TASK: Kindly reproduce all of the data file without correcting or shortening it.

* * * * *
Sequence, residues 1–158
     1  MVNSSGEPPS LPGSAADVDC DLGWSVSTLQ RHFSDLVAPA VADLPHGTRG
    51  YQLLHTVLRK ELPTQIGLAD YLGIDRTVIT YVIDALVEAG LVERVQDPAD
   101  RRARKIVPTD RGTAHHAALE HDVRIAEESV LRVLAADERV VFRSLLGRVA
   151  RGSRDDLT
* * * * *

Sequence, residues 1–158
     1  MVNSSGEPPS LPGSAADVDC DLGWSVSTLQ RHFSDLVAPA VADLPHGTRG
    51  YQLLHTVLRK ELPTQIGLAD YLGIDRTVIT YVIDALVEAG LVERVQDPAD
   101  RRARKIVPTD RGTAHHAALE HDVRIAEESV LRVLAADERV VFRSLLGRVA
   151  RGSRDDLT